Robotic Surgery


Presentation Description

No description available.


By: kanchanapalliani (37 month(s) ago)

please send me this ppt on

By: sanjupal1 (38 month(s) ago)

please send me this ppt on

By: kevinjacobc (39 month(s) ago)

Please send me this ppt on

By: garimarajput549 (43 month(s) ago)

please send me this ppt to

By: Sanchits (55 month(s) ago)

please send me this PPT on

See all

Presentation Transcript



Slide 2: 

Robotic surgery is the use of robots in performing surgery. Three major advances aided by surgical robots have been remote surgery, minimally invasive surgery and unmanned surgery. Some major advantages of robotic surgery are precision, miniaturization, smaller incisions, decreased blood loss, less pain, and quicker healing time. Further advantages are articulation beyond normal manipulation and three-dimensional magnification.

Slide 3: 

HISTORY In 1985 a robot, the PUMA 560, was used to place a needle for a brain biopsy using CT guidance. In 1988, the PROBOT, developed at Imperial College London, was used to perform prostatic surgery. Da Vinci Surgical System and Computer Motion with the AESOP and the ZEUS robotic surgical system. Intuitive Surgical bought Computer Motion in 2003; ZEUS is no longer being actively marketed.

Slide 4: 

The da Vinci Surgical System comprises three components: a surgeon’s console, a patient-side robotic cart with 4 arms manipulated by the surgeon (one to control the camera and three to manipulate instruments), and a high-definition 3D vision system. Articulating surgical instruments are mounted on the robotic arms which are introduced into the body through cannulas. The surgeon’s hand movements are scaled and filtered to eliminate hand tremor then translated into micro-movements of the proprietary instruments. The camera used in the system provides a true stereoscopic picture transmitted to a surgeon's console.

Slide 5: 

In 1997 a reconnection of the fallopian tubes operation was performed successfully in Cleveland using ZEUS. In May 1998, Dr. Friedrich-Wilhelm Mohr using the Da Vinci surgical robot performed the first robotically assisted heart bypass at the Leipzig Heart Centre in Germany. On 2 September 1999, Dr. Randall Wolf and Dr. Robert Michler performed the first robotically assisted heart bypass in the USA at The Ohio State University. In October 1999 the world's first surgical robotics beating heart coronary artery bypass graft (CABG) was performed in Canada by Dr. Douglas Boyd and Dr. Reiza Rayman using the ZEUS surgical robot.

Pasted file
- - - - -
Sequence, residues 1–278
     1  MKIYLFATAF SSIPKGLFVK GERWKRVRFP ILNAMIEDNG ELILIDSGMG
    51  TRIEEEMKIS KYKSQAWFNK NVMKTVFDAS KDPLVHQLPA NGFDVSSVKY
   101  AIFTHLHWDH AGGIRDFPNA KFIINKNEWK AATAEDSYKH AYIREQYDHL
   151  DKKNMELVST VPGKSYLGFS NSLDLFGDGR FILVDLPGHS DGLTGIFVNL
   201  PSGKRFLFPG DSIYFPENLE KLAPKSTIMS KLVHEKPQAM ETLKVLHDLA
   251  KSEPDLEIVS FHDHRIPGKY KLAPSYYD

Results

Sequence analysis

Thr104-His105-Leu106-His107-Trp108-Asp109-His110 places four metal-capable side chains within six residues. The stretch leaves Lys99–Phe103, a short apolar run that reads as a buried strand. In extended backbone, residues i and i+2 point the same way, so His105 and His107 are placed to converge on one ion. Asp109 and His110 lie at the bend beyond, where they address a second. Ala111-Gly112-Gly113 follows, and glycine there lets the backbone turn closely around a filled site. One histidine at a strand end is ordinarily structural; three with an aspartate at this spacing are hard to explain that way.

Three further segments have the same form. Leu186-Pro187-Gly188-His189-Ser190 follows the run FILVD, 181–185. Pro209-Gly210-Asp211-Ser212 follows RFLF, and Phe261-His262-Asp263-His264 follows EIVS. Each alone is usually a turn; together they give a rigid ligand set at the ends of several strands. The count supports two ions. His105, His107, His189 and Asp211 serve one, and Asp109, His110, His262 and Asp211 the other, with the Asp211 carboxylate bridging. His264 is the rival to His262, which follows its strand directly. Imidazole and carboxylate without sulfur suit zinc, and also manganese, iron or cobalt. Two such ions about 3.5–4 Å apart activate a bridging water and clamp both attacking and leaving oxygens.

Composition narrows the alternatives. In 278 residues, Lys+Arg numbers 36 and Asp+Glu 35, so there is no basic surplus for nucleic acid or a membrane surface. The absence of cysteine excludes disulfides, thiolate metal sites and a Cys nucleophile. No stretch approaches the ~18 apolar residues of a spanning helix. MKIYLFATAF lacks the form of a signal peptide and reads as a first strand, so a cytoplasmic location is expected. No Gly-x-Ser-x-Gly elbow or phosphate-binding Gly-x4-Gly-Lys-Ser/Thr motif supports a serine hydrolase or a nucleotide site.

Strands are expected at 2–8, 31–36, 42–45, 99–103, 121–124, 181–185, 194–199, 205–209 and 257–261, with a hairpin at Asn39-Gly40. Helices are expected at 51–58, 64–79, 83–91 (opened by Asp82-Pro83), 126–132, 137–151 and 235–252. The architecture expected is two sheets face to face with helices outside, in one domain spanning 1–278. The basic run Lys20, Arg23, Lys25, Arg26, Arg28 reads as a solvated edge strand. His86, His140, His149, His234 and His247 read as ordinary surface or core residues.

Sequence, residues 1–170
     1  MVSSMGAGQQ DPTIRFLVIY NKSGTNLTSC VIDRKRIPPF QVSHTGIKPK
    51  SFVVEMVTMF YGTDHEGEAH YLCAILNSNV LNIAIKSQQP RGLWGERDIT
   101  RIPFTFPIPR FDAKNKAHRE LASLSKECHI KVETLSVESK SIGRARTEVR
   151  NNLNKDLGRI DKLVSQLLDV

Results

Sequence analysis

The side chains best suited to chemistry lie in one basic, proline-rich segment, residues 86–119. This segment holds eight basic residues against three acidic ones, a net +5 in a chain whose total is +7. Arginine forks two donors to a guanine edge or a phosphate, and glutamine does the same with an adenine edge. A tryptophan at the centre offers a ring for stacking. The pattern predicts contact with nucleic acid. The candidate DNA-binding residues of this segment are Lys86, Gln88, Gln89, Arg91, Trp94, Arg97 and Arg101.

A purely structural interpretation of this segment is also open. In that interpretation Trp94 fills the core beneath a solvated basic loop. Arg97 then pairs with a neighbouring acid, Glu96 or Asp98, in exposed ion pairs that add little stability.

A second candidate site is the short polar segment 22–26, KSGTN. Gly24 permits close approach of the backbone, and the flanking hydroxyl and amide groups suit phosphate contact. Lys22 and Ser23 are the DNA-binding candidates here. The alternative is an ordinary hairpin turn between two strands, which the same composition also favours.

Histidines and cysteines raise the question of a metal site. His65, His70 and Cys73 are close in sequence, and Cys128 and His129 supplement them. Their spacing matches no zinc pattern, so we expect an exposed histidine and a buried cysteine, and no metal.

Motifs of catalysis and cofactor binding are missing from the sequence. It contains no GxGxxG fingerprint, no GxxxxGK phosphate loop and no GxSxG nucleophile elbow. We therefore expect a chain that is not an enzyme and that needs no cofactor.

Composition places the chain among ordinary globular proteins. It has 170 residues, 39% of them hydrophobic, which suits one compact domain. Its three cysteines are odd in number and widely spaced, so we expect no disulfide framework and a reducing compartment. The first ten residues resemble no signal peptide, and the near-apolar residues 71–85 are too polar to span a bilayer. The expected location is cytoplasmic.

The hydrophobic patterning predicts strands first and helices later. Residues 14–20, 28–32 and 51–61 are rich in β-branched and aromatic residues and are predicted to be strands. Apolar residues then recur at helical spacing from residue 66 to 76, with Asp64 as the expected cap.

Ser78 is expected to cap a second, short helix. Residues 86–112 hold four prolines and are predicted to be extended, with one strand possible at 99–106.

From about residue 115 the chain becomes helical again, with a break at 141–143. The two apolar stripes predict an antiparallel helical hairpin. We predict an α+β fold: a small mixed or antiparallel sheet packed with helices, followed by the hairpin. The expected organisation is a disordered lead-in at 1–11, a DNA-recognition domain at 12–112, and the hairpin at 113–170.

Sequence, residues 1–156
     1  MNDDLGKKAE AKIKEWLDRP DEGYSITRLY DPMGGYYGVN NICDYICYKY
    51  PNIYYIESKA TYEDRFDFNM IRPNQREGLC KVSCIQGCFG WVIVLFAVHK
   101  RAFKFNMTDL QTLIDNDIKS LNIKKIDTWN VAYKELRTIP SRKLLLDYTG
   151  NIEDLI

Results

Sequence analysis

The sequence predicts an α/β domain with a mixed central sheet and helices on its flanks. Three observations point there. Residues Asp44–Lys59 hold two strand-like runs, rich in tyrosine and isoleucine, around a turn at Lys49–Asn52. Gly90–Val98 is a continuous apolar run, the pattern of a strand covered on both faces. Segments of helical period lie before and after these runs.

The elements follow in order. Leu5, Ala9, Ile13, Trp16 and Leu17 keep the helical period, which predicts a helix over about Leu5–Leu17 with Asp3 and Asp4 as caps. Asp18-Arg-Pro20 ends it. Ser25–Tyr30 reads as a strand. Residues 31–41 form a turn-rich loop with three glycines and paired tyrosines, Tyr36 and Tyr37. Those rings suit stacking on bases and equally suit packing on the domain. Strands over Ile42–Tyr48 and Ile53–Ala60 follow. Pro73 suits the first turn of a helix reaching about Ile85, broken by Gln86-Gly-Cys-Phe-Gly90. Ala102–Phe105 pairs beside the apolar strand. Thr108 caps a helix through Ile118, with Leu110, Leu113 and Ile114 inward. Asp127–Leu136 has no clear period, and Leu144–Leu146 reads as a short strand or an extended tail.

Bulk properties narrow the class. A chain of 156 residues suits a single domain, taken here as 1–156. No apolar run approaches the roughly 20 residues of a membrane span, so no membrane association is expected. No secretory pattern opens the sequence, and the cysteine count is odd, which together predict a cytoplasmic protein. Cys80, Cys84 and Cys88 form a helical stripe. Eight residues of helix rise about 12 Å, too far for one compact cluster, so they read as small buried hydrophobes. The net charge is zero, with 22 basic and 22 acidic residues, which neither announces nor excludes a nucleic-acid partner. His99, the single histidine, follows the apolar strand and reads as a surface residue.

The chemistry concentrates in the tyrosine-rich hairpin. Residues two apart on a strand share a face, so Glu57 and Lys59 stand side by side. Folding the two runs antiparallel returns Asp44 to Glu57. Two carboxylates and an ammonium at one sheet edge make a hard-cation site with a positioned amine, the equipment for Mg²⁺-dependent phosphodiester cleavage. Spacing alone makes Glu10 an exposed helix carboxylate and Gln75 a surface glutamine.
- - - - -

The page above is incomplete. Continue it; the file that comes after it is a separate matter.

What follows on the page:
Slide 6: 

In 2001, Prof. Marescaux used the "Zeus" robot to perform gall bladder surgery on a patient in Strasbourg, France while in New York. In September 2001, Dr. Michel Gagner used the Zeus robotic system to perform a cholecystectomy on a woman in Strasbourg, France while in New York. In February 2008, Dr. Mohan S. Gundeti of the University of Chicago Comer Children's Hospital performed the first robotic pediatric neurogenic bladder reconstruction. The operation was performed on a 10-year-old girl.

Slide 7: 

In January 2009, Dr. Todd Tillmanns reported results of the largest multi-institutional study on the use of da-Vinci robotic surgical system in gynecologic oncology and included learning curves for current and new users as a method to assess acquisition of their skills using the device. In January 2009, the first all robotic-assisted kidney transplant was performed at Saint Barnabas Medical Center in Livingston, New Jersey by Dr. Stuart Geffner. The same team performed eight more fully robotic-assisted kidney transplants in the next six-month period.

Artificial Intelligence and the dawn of Fully Autonomous Robot Surgeons : 

Artificial Intelligence and the dawn of Fully Autonomous Robot Surgeons In May 2006 the first AI doctor conducted unassisted surgery on a 47 year old male to correct heart arrythmia, the results were rated as better than an above average human surgeon. The machine had a database of 10,000 similar operations and so in the words of its designers was "more than qualified to operate on any patient", the designers believe that robots can replace half of all surgeons within 15 years.

Applications : 

Applications General surgery Many general surgical procedures can now be performed using the state of the art robotic surgical system. In 2007, the University of Illinois at Chicago medical team, lead by Prof. Pier Cristoforo Giulianotti, performed the world's first ever robotic pancreatectomy and also the Midwests fully robotic Whipple surgery, which is the most complicated and demanding procedure of the abdomen. In April 2008, the same team of surgeons performed the world's first fully minimally invasive liver resection for living donor transplantation, removing 60% of the patient's liver, yet allowing him to leave the hospital just a couple of days after the procedure, in very good condition.

Slide 10: 

Cardiothoracic Surgery Robot-assisted MIDCAB and Endoscopic coronary artery bypass (TECAB) surgeries are being performed with the da Vinci system. Mitral valve repairs and replacements have been performed. East Carolina University, Greenville(Dr W. Randolph Chitwood), Saint Joseph's Hospital, Atlanta(Dr Douglas A. Murphy), and Good Samaritan Hospital, Cincinnati(Dr J. Michael Smith) have popularized this procedure and proved its durability with multiple publications.

Slide 11: 


Slide 12: 


Slide 13: 


Slide 14: 


Slide 15: 


authorStream Live Help